"The NRL were early movers in this and if you get teams in Adelaide and Perth, that is a lot more people who will buy direct packages from the NRL. I think that is the only strategy.
"You could watch Cronulla versus Penrith but if I am in Adelaide I kind of don’t care. I want to see an Adelaide team. Australia is big enough that some of the clubs should take a flyer on it and do it."
Perez said the establishment of teams in Perth and Adelaide would not only grow the NRL’s fan base but the number of people who play the game.
However, he believes that if the NRL does not expand now those markets will be left to the AFL for another generation, at least.
"If you open up new markets, you open up much more potential for the game and you create sustainability long term," he said.
"Not only will that bring more money because sponsors can see we are nationwide, but also young people will grow up thinking it’s cool.
"Right now there are 1.3 million people in Perth and soon it might be 2 million, so all of a sudden you could have been in this market but it is just all AFL because they are the ones who have taken the time and the money and the effort to build that market.
"If I am a seven-year old kid in Perth or Adelaide, I am going to idolise AFL players."
The American dream
A meeting of UK clubs on Thursday voted to allow teams from Ottawa and New York into the League One competition in 2020.
The New York team will play at Red Bull Arena and has announced partnerships with Virgin Atlantic, Mastercard and Hilton Hotels, while ESPN+ has indicated interest in broadcasting matches in North America.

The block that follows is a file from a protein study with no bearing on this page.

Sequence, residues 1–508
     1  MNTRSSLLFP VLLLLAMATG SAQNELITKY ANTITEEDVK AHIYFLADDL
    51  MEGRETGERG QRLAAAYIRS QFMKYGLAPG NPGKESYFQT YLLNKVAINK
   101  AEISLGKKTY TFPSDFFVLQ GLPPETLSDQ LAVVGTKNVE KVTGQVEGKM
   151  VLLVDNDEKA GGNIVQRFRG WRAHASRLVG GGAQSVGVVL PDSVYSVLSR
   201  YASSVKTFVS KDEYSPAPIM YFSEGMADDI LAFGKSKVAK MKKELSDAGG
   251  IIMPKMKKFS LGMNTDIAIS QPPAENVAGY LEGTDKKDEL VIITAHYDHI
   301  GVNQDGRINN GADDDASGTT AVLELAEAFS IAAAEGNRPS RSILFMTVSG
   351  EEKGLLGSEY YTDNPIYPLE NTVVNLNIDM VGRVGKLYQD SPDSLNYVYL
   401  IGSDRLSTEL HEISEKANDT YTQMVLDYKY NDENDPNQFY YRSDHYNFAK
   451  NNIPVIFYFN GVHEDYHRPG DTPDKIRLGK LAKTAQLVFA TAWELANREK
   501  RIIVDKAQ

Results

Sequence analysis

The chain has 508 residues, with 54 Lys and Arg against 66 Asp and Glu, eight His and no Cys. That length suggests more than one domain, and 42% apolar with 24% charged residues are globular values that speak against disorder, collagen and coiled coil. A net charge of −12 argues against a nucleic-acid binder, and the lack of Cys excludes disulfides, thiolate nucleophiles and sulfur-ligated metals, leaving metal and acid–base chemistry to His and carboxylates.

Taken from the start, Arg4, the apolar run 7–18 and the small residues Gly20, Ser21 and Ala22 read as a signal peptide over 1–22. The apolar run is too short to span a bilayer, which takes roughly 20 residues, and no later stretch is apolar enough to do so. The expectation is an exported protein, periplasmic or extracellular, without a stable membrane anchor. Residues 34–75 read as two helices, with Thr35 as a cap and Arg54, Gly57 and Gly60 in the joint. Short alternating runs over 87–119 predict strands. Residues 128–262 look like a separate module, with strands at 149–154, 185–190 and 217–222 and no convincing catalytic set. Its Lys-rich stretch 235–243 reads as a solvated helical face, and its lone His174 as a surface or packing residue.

Perez is partnering with Ottawa Sports and Entertainment Group, which is involved with three other sporting franchises in the city, and he said a derby match between Ottawa – the capital of Ontario – and the state’s biggest city, Toronto, had enormous potential.
"You have a chance to open up a massive market like Ottawa, with 1.5 million people. It is a capital city and we are hungry for the sport," he said.
"Toronto Wolfpack opened the door [for league in Canada], but it hasn’t satisfied everyone. People want more."
Under the relocation proposal, Hemel Stags - the club which has produced the likes of Wigan's former Gold Coast centre Dan Sarginson - would continue at junior level in north London.
Speaking to reporters in Salford after the vote of clubs on Thursday night, Perez compared the expansion of rugby league into North America with the AFL’s push into NSW and Queensland.
"We’ve got to do what the AFL did and expand to markets that are hungry for our sport," Perez said.
"What Toronto have done is show there is a massive hunger [in Canada].
"My goal is to have the best English players play in our competition and the best Australian players play in our competition."
The RFL board is expected to make a final decision on expansion next month after further due diligence of the North American bids.
"The clubs were in principle supportive, by a comfortable majority, of the proposals for both Ottawa and New York to join the competitions, and for the RFL board to continue to exercise its discretion to negotiate with both clubs, and to make a decision in due course," RFL director Simon Johnson said.
The views in this article do not necessarily express the opinions of the NRL, ARLC, NRL clubs or state associations.